I am always trying to dig a bit deeper into the history of guitar lessons and who was the first person to lay out a guitar education program in a logical manner. The furthest back that I could really find any solid courses with a means to the madness was with the coming of Andres Segovia. Below is a well written article on everything Segovia.
First, I wanted to mention that I was originally taught by a direct disciple of Andres Segovia. I took several months worth of guitar lessons from a man named Aaron Shearer. Most consider Aaron Shearer the father on modern guitar lessons. Aaron shearer coached the likes of Charlie Byrd and Julian Bream. Well, I was transferred to a great classical guitar player and teacher who was recommended by Mr Shearer, George Yeatman, with whom I took strict highly disciplined guitar lessons from for 3 more years. Anyway, about the time I first heard Jimi Hendrix, the classical vibe abruptly ended. Classical guitar is not my vibe anymore, but everyone should know who Andres Segovia is.
Before you read the article, take a moment to watch and listen to this video. My dad and I saw Segovia about 5 times in concert when I was a kid in the 60’s. Enjoy..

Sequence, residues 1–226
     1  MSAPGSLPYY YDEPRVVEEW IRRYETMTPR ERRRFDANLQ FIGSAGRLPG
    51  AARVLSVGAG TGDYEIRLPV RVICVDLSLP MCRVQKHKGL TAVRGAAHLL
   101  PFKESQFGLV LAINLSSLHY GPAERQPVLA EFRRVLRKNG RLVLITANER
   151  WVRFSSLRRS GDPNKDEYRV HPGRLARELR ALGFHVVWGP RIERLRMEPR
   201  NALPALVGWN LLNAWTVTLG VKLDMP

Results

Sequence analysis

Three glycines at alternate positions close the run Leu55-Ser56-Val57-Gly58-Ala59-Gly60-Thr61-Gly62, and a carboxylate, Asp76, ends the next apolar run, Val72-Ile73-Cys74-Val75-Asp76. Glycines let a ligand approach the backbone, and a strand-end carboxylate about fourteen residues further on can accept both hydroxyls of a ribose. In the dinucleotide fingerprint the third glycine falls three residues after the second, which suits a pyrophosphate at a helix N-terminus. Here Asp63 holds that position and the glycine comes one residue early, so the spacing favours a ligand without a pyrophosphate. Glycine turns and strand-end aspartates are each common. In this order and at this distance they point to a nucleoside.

While many refer to Andres Segovia as the father of the classical guitar, some may also refer to him as a Legendary King of the Classical Guitar just as Elvis Presley is considered the King of Rock and Roll, B.B. King is considered the King of the Blues, and Roy Acuff is considered the King of Country. The link between the four of these famous musicians is the fact that they were all important influences within different genres of music and had a passionate love for the guitar, which started at a young age and progressed with brilliant forms of success throughout the rest of their lives. Andres Segovia was a legend of success in so many ways, and his spirit today still continues to live and grow into an influential and inspirational success to admire and treasure for the years to come. At a very young age, he acquired an idea to pursue his dream goal to learn and master the guitar and sharing it with the world. In retrospect, his goals primarily consisted of teaching the study of the guitar to students at every university, have the guitar played anywhere and everywhere around the world including performing on a stage as a concert instrument, and to continue to share his passionate love of the guitar after his death (Bergstrand 1). The following biography timeline of Andres Segovia is repeatedly emphasized throughout this research paper in order to demonstrate how his successful accomplishments defeated the reasonable doubts of other people.